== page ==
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Is the Chinese Yuan the Most Reliable Forex Trade?

Over the last six years, the appreciation of the Chinese Yuan has been as reliable as a clock. Since 2005, when China tweaked the Yuan-Dollar peg, it has risen by 28%, which works out to 4.5% per year. If you subtract out the two year period from 2008-2010 during which the Yuan was frozen in place, the appreciation has been closer to 7% per year. There is no other currency that I know of whose performance has been so consistently solid, and best of all, risk-free!

Aussie is Breaking Away from Kiwi

The correlation between the Australian Dollar and New Zealand Dollar is among the strongest that exists between two currencies. Given their regional bond and similar dependence on commodities to drive economic growth, perhaps this is no wonder. Over the last year, however, the Aussie has slowly broken away from the Kiwi. While the correlation between the two remains strong, the emergence of distinct narratives has given rise to a clear chasm, which can be seen in the chart below. Given that the NZD is evidently among the most overvalued currencies in the world, does that mean the same can be said about the AUD?

New Zealand Dollar: Come Back to Earth!

In March, I wondered aloud about whether the New Zealand Dollar might be the most overvalued currency in the world. Since then, it has continued its unlikely ascent, rising 10% on a correlation-weighted basis and 3% against the US Dollar, hitting a 26-year high in the process. While there are signs that the New Zealand economy might be able to withstand an expensive currency, at some point, the chickens must come back to roost.

High-Frequency Traders Descend onto Forex Markets

According to a recent report by the Wall Street Journal, high-speed traders are quickly establishing themselves as the main force in forex markets. Just like in other financial markets, a significant portion of trading volume is dominated by computerized trading, in which huge blocks of currency can change hands multiple times in mere milliseconds. While this is certainly old news for hedge funds and other institutional traders, it may come as a slight surprise to retail traders, many of whom still see forex as the neglected stepsister of stocks, bonds, and other assets. Nonetheless, there are a number of implications for the forex markets, and retail traders would be wise to heed them.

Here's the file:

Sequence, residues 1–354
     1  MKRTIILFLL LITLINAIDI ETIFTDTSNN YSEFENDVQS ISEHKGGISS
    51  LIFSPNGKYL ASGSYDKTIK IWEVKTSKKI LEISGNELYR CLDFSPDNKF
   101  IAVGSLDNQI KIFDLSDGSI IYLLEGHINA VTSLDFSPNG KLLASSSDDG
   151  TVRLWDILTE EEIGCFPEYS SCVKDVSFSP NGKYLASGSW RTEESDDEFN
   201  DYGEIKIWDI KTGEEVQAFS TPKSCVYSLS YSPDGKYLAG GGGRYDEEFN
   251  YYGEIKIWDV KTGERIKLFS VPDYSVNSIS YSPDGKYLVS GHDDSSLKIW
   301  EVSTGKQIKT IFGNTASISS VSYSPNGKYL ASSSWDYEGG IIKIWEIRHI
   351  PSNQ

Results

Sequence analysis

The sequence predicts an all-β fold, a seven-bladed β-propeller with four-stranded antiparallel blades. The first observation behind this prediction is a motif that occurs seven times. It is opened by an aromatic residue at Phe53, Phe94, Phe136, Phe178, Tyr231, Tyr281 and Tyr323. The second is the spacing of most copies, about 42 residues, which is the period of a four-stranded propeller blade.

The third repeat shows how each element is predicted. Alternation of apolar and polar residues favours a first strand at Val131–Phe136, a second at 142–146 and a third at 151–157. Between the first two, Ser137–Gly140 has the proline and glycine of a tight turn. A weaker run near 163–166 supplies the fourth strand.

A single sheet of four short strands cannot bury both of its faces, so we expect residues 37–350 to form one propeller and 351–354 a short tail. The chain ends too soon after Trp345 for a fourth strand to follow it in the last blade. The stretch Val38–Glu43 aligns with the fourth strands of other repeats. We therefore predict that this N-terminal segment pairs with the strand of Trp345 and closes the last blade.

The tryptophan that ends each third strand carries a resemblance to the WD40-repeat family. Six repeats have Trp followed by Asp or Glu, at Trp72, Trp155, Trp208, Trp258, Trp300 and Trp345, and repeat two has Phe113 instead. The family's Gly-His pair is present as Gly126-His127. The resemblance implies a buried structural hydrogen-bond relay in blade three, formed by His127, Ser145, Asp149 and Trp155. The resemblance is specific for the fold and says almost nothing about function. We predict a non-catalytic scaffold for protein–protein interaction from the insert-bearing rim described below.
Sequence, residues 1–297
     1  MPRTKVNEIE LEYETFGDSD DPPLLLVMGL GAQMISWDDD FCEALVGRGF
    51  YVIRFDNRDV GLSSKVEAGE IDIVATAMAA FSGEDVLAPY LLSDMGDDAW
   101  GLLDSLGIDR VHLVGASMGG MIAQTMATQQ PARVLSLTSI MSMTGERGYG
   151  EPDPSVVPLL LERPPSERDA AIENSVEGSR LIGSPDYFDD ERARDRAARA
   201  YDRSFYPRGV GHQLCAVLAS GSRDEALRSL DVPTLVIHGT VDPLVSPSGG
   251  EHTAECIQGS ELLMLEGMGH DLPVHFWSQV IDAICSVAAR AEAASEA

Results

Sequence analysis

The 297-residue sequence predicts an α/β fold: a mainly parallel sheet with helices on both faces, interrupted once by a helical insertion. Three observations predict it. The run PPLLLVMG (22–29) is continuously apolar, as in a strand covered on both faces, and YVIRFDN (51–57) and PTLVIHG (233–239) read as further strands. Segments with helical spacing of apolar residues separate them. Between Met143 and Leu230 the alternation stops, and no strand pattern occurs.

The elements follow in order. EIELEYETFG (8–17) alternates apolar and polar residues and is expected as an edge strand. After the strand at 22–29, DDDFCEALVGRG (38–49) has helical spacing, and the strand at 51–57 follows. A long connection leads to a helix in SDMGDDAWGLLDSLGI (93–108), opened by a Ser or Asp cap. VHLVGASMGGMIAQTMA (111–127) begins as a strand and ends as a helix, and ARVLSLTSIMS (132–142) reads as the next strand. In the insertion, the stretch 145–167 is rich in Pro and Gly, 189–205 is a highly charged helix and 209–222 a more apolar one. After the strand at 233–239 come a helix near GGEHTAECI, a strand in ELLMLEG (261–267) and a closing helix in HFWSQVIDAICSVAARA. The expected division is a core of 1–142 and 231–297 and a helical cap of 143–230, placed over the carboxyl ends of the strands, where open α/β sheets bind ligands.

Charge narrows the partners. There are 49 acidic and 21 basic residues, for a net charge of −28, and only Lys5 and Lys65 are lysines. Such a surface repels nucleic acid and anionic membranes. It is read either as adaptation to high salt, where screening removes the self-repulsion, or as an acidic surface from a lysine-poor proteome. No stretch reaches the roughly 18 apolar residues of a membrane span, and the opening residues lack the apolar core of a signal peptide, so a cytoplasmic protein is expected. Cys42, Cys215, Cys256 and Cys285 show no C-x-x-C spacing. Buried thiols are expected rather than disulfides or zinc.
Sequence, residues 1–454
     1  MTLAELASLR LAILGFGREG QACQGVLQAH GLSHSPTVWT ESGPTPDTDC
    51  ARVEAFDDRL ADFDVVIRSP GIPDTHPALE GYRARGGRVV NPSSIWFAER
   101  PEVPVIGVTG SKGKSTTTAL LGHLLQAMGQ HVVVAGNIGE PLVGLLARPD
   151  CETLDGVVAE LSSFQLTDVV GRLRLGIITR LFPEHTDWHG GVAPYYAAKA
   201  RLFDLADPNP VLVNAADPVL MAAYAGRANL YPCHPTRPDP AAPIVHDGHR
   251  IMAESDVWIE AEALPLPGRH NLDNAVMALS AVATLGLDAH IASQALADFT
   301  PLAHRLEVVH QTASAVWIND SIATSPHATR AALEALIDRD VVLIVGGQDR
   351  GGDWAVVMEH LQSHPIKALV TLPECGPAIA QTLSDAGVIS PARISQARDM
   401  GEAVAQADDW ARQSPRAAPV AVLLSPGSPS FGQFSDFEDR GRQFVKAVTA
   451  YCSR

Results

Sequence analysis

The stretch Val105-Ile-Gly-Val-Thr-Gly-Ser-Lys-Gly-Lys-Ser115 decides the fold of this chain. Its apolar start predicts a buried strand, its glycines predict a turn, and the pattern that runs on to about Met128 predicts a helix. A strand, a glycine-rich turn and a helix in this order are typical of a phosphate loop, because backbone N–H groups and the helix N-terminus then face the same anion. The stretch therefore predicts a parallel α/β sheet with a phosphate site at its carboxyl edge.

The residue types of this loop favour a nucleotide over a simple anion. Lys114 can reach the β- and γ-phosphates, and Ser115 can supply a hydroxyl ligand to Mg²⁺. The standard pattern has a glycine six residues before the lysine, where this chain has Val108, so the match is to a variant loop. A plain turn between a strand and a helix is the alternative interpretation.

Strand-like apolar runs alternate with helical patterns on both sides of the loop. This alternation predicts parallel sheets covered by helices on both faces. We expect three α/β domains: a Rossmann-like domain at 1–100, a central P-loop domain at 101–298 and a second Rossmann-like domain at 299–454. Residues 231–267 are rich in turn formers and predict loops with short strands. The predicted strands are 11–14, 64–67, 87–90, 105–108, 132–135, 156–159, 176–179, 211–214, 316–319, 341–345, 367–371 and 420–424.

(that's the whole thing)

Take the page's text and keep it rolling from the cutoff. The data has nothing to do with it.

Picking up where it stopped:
Swiss Franc at Record Highs

This month, the Swiss Franc touched a record high against not one, but two currencies: the US dollar and the Euro. Having risen by more than 30% against the former and 20% against the latter, the franc might just be the world’s best performing currency over the last twelve months. Let’s look at the prospects for continued appreciation.

Risk Still Dominates Forex. The Dollar as “Safe Haven” is Back!

Well over two years have passed since the collapse of Lehman Brothers and the accompanying climax of the credit crisis. Most economies have emerged from recession, stocks have recovered, credit markets are strong, and commodities prices are well on their way to new record highs. And yet, even the most cursory scanning of headlines reveals that all is not well in forex markets. Hardly a week goes by without a report of “risk averse” investors flocking to “safe haven” currencies.

Japanese Yen Strength is Illogical, but Does it Matter?

On a correlation-weighted basis, the Japanese Yen has been one of the world’s weakest performing currencies in 2011. Alas, while this information is interesting for theoretical purposes, it is of little concern to traders, who focus instead on individual pairs. Against the dollar (USDJPY), the Japanese yen is still quite strong, having recovered most of the losses inflicted upon it by the coordinated G7 intervention in March. Does the yen deserve such a lofty valuation? No. Will it continue to remain strong as the dollar? Well, that is a different question altogether.

G7 Leads Shift in Forex Reserves

As you can see from the chart below, the world’s foreign exchange reserves (held by central banks) have undergone a veritable explosion over the last decade. While emerging markets (especially China!) have accounted for the majority of this growth, there are indications that this could soon change. China’s reserve accumulation is set to slow, while advanced economies’ reserves are set to increase.

The Euro (Still) has a Greek Problem

Since the beginning of May, the euro has fallen by a whopping 7% against the dollar on the basis of renewed fiscal uncertainty in the peripheral eurozone. The optimists would have you believe that the markets will soon forget about the so-called sovereign debt crisis and just as quickly return their focus to monetary policy and other euro drivers. Personally, I think investors to follow such a course, as forex markets must eventually reckon with the seriousness of the eurozone’s fiscal troubles.

Pound Correction is Already Underway

Last week, I was preparing to write a post about how the British pound was overvalued and due for a correction, but was sidetracked by a series of interviews (the second of which – with Caxton FX – incidentally also hinted at this notion). Alas, the markets beat me to the bunch, and the pound has since fallen more than 3% against the dollar- the sharpest decline in more than six months. Moreover, I think there is a distinct possibility that the pound will continue to fall.

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